Gathering aims to calm immigrant concerns
If any Roaring Fork Valley immigrant students or their families feel unsafe or intimidated in the heated aftermath of the presidential election, Carlos Smith says he and his Yampah Mountain High schoolmates are there for support.
“We at Yampah are doing everything we can to make sure all students feel safe, and if you have kids in your school who say they don’t feel safe or have any concerns, we will come to your school and help,” Smith said during a gathering of more than 170 people Sunday in Glenwood Springs.
“We have our own ‘don’t-keep-us-out programs,’ and we want to share that,” he said. “Don’t be afraid to reach out to us.”
The crowd at the Glenwood Springs Library, about a third of which was Latino, took time out of their Sunday afternoon to hear concerns from the immigrant community and try to calm nerves about possible drastic changes in immigration policy under a Donald Trump presidency.
A key concern, though, from school hallways to the larger community, is making sure immigrant families are not the victims of hateful acts or intimidation.
Glenwood immigration attorney Jennifer Smith said many questions will remain unanswered until Trump and his administration actually take office in January, and whether Trump follows through on his rather nonspecific campaign pledges to deport millions of undocumented immigrants.
Smith, who co-organized the meeting, said it’s possible little could change from President Obama’s ongoing policy of targeting immigrants for deportation who have committed crimes, including misdemeanor drunken-driving convictions.
“The fears people are experiencing are not new, but they are enhanced,” she said, noting there were more deportations under Obama than any previous president.
Likewise, she said the vast majority of those apprehended on the U.S.-Mexican border in recent years have been refugees seeking political asylum, she said.
“The current administration continues to violate the rights of refugees and deny fair court proceedings,” she said.
Smith and others who spoke at the meeting said it is possible that Trump will follow through on his call to end Obama’s Deferred Action to Childhood Arrivals (DACA) executive order, which allows qualified undocumented children who came to the U.S. with their parents at a young age a two-year renewable work permit once they leave high school.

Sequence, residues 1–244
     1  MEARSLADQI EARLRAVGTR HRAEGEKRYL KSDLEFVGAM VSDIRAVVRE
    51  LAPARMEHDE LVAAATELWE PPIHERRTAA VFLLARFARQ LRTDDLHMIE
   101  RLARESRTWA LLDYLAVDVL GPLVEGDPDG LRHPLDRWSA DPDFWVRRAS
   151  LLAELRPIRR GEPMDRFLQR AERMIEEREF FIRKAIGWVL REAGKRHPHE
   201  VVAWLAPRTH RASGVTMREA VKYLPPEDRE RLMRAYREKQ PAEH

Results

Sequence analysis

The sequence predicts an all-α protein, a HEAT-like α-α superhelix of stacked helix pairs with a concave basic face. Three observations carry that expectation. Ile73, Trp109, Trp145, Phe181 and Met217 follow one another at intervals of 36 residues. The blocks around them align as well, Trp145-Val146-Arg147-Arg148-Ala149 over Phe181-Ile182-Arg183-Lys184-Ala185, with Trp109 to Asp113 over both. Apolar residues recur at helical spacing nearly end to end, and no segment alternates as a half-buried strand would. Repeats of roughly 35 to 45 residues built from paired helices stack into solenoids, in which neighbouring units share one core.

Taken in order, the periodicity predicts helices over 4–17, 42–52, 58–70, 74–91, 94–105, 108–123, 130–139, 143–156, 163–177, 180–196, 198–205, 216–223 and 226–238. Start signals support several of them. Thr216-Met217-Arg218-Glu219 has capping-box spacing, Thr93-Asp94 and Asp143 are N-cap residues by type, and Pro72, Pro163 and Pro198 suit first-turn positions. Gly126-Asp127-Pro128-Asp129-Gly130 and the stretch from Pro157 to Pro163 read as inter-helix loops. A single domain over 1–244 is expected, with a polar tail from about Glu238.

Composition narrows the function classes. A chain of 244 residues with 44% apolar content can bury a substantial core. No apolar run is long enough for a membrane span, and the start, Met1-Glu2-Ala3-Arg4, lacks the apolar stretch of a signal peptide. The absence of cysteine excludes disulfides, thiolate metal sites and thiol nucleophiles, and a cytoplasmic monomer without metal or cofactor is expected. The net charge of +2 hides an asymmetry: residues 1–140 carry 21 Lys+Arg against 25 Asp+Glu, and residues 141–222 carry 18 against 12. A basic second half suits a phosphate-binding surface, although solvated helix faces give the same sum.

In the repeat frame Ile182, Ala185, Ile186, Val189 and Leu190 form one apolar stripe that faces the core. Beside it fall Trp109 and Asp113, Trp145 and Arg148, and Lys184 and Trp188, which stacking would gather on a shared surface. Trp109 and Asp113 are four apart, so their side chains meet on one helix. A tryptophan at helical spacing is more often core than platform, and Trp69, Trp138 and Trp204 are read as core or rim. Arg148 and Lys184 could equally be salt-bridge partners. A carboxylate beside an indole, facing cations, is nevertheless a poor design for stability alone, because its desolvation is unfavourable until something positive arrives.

However, there has been broad bipartisan support for that policy, Smith noted.
Ted Hess, another local immigration lawyer who helped organize the Sunday meeting, agreed.
“Trump has said he would end that, but you can write to your legislators, and there’s a remote possibility you might save DACA,” he said.
Whether deportations extend beyond the current Immigration and Customs Enforcement (ICE) policy remains to be seen.
House Speaker Paul Ryan did say in an interview with CNN Sunday that Trump is not planning to carry out mass deportations beyond those now targeted, and that the primary emphasis is on securing the border in an effort to keep criminal activity out.
Smith emphasized that the purpose of the Sunday meeting was to try to answer any questions and to offer support for any members of the Latino community who feel threatened.
Safety pins, which have become a symbol for those who wear them that they are a “safe” person and will stand up against any intimidation, were also handed out at the meeting.
Some of the Latinos represented at the meeting told stories of children worrying that their parents or other family members would be deported and families broken up if the children are legal citizens and can’t go to their parents’ home country.
Two Republican Garfield County commissioners, Tom Jankovsky and John Martin, and newly elected 9th District Attorney Jeff Cheney also attended the meeting.
“Your community is important to us,” Jankovsky said, noting that 30 percent of the county population is Hispanic and that, yes, he is part of the same political party as Trump.
He pledged to do what he can to make sure those who are in the U.S. working and contributing, and not doing anything against the law, are allowed to stay.
“I’m a third-generation immigrant myself, and I believe in the American dream of hard work and being able to advance yourself … I have a lot in common with the Hispanic community around those principles.”
Though the county cannot affect immigration policy, Jankovsky said he would work with Colorado’s congressional delegation to bring about immigration reforms, including a worker program.
“We want to see those people who are here working and contributing stay here, and we will try our darnedest to make that happen,” Jankovsky said.
Pressed as to whether the county would adopt a “zero tolerance” policy around racial hatred and intimidation, Jankovsky said he doesn’t condone that behavior.
“It does bother me if people are becoming more racist,” Jankovsky said outside the meeting. “I think what you heard over and over here today is that the system is broken. I think that will be addressed by this president [Trump] and by Congress.”
School officials attending the meeting also pledged that schools will continue to be a safe haven for immigrant students and that, by policy, school resource officers in Roaring Fork Schools are not allowed to do work for ICE.
The same is true for Colorado Mountain College, said college President Carrie Hauser.
“Our college always has had open doors, and we always will,” she said. “And we will not tolerate any acts of violence or intimidation.”
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